Mary Russell

A couple weeks ago someone asked me about a set-up rule in one of my games, the rule being designed to confer to one side or the other a slight advantage at the beginning of the game. And this person was wondering why that was. Just as easily, the game could be set-up so as to confer no advantage to either side. Wouldn't that be more fair? 

And yes, it would be, but I had no interest in the thing ever being "fair". Partially this is because exploiting or overcoming that advantage is what gives the first turn or two its special flavor. But really, this extended beyond the initial decision space, because the entire game was about building, maintaining, exploiting, and reversing the leverage one player has over the other. Many of my designs are easy for players to distort, creating feedback loops that widen leads over time, and make them harder to reverse. None of that is "fair", or meant to be. I'm not the least bit interested in "fair".

"I'm not the least bit interested in 'fair'."

And, you know, I've talked around that subject - I've nattered on about things like tempo and momentum and leverage and deadlock and pressure over the course of what seems to be dozens of these blog articles - but it wasn't until someone asked me, "this isn't really fair, is it?", that it actually occurred to me, and that I was able to verbalize it: I'm not the least bit interested in "fair"

That's not to say that I'm in favor of a game that's one-sided. Whether it's a game like Optimates et Populares or Supply Lines of the American Revolution: The Northern Theater, 1775-1777, in which the player positions are quite asymmetrical, or symmetrical multiplayer games like For-Ex and Iberian Gauge, I try to give all players ample opportunities to either make mistakes or exploit them. If you're on the receiving end, it's your own fault for putting yourself into that situation, and the game doesn't help you up when you get knocked down. In fact, it makes it easier for the other guy to keep hammering on you. My games are balanced dynamically, built and primed to become lopsided at a moment's notice: blink and you'll be destroyed.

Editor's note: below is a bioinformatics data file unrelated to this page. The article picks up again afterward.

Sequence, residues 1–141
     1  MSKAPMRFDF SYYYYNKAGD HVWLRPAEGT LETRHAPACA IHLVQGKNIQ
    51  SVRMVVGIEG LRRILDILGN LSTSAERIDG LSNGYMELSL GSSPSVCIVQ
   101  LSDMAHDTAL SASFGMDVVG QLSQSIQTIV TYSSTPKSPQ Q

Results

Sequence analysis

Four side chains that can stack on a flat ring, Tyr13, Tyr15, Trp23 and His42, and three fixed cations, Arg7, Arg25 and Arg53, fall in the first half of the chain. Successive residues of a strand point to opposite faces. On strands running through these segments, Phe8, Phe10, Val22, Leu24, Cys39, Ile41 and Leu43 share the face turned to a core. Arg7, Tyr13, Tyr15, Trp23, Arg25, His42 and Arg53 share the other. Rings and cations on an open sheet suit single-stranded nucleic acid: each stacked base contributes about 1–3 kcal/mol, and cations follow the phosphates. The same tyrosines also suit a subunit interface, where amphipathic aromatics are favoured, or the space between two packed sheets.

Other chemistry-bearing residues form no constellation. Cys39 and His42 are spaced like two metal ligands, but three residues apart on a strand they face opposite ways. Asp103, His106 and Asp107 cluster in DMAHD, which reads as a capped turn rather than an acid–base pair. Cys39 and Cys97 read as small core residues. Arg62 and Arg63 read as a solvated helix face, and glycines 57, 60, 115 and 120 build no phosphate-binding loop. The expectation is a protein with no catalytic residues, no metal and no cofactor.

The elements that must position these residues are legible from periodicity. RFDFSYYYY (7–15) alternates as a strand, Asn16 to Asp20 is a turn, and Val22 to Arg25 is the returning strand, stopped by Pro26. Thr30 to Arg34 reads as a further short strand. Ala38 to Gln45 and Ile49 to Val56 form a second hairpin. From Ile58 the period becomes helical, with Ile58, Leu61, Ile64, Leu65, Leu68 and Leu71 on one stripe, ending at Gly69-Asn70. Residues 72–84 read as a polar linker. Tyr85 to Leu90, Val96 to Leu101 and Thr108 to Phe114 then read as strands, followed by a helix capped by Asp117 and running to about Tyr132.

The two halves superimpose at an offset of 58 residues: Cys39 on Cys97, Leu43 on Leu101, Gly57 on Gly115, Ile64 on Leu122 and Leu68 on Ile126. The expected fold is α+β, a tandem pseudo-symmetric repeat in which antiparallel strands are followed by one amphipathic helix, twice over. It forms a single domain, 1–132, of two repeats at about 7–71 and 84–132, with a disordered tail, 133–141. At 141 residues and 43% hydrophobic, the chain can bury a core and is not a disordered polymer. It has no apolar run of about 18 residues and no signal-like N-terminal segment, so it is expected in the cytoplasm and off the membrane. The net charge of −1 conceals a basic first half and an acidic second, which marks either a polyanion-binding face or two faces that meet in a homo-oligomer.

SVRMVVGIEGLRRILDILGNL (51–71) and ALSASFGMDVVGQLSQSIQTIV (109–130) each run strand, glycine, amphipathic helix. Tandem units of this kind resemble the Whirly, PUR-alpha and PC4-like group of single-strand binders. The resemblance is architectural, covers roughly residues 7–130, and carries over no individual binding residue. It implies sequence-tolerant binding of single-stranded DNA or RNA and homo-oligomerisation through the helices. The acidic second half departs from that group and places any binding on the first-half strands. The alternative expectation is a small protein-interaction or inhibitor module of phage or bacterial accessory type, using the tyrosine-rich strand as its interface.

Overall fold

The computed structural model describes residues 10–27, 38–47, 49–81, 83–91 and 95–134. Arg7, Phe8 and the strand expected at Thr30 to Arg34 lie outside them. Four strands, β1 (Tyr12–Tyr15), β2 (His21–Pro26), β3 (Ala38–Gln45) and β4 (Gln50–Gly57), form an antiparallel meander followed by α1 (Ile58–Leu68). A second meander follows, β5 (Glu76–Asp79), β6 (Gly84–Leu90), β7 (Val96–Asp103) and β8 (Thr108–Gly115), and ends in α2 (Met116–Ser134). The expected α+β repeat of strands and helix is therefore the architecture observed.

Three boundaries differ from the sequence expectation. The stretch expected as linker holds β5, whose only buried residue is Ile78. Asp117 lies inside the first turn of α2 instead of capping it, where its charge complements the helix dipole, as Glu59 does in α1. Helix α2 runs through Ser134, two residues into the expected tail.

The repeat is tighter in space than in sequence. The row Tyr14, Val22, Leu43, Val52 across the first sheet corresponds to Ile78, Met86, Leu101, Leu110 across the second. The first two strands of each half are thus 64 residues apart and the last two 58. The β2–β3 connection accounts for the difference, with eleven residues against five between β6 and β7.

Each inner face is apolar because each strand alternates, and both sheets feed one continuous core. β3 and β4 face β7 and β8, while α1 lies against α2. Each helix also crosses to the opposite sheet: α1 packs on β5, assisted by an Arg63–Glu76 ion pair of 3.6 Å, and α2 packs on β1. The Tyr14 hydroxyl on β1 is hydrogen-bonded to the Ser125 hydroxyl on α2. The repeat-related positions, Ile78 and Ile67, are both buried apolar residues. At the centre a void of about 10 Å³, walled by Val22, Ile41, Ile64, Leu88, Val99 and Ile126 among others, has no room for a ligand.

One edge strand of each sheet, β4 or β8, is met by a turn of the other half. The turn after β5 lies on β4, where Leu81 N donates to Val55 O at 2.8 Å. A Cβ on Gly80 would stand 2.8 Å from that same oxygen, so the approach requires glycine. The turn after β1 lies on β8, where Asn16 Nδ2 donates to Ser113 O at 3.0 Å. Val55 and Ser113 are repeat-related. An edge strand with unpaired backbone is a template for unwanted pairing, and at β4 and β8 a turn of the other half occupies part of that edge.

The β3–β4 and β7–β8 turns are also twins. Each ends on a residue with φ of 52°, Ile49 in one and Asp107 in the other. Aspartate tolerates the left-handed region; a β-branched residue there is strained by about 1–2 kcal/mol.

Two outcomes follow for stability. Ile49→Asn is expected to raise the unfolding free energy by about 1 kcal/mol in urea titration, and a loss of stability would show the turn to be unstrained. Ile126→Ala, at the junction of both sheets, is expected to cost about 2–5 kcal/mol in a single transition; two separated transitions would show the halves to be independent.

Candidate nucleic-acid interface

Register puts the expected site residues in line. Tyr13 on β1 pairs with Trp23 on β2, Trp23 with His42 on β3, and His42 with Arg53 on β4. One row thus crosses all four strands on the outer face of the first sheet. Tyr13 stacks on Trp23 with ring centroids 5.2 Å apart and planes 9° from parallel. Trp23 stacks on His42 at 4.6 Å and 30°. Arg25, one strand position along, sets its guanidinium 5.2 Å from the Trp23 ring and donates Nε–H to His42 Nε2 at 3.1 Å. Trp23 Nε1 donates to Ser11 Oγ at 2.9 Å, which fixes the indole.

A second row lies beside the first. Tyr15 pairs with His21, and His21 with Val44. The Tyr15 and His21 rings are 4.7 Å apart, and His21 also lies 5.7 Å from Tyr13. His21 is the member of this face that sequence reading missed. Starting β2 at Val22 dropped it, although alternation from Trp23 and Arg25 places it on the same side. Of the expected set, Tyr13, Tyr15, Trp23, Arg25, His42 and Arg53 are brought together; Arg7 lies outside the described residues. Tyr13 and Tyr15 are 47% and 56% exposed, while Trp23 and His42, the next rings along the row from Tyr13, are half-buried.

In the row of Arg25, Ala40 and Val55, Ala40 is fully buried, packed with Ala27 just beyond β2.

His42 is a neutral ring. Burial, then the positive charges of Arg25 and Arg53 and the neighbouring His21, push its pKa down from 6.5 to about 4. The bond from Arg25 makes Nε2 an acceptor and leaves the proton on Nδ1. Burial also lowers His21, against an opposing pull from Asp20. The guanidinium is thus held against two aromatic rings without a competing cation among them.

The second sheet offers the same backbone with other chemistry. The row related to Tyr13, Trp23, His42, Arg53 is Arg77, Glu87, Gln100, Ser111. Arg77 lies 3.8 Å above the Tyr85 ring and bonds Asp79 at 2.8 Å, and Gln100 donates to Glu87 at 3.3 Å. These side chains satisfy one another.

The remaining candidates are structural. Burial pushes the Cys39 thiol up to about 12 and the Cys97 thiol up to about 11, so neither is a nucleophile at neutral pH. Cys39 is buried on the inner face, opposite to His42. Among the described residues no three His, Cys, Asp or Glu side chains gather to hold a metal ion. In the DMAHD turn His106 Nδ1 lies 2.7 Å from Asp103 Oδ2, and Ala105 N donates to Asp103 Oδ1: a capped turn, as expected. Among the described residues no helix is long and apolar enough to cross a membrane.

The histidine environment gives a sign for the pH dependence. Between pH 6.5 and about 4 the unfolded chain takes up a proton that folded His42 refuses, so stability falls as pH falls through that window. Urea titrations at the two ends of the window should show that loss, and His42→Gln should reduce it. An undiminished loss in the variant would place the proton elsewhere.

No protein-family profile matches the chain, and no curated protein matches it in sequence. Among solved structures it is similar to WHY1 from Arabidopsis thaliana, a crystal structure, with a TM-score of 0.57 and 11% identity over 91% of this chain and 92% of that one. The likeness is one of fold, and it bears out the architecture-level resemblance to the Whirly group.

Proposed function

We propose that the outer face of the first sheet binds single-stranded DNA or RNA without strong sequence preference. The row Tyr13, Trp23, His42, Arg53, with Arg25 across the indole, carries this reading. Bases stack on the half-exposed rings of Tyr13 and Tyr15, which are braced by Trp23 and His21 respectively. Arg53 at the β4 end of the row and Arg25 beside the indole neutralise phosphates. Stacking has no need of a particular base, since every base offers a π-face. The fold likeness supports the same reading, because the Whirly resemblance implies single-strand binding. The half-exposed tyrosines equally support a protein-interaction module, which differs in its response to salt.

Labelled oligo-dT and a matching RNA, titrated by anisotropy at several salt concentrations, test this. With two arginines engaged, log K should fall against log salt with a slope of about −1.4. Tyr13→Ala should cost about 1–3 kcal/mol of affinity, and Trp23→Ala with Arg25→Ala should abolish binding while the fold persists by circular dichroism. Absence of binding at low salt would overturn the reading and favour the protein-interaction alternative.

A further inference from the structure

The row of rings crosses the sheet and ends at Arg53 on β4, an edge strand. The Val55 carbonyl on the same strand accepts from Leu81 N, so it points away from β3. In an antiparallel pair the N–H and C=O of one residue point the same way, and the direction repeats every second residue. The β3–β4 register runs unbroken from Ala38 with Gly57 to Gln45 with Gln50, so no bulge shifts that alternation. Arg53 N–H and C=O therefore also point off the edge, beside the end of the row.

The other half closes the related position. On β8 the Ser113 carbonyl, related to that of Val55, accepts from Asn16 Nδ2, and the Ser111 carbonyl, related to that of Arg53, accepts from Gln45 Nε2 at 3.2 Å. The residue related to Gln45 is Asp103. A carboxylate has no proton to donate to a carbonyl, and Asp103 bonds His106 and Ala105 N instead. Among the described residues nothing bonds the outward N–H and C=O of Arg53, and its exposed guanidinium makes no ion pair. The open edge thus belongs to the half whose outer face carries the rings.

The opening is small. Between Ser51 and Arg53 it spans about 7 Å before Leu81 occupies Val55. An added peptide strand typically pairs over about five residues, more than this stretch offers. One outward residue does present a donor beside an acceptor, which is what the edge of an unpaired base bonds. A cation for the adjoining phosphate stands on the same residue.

"From a creative standpoint, I wish I had stuck to my guns"

And that, for me, is really interesting and really compelling, as both a designer and a player. To a degree, it always has been, though I wasn't always aware of it. One of my rare eurogames to find a publisher (it never made it to market) was originally built along these lines and with these things in mind. The publisher wanted radical changes to make the game less fragile ("close games can be fun for all as everyone feels they have a chance") and less mean ("avoid as many negative feelings as possible"). Due to some communication errors, I didn't actually understand that he was trying to adapt the game for what he saw as a broader market, and was initially quite stubborn. Eventually I got on board, for all the good it did me. Being in the position now where I couldn't care less about catering to a broader audience, I think the game was stronger in its original form. From a creative standpoint, I wish I had stuck to my guns rather than let the publisher do violence to the design.

But I certainly understood the economic realities that factored into his decision and don't begrudge him that. There's a very good reason why people don't publish a lot of weird, fragile games (particularly in the wargames space), and that's because the appeal is rather niche. I think that niche is growing; it's larger now that it was when I started designing board games, to be sure. That makes me wonder sometimes if Hollandspiele would have taken off the way it did, and reached the people it did, if we had launched two or three years earlier; I wonder now if that publisher even would have left that game intact.

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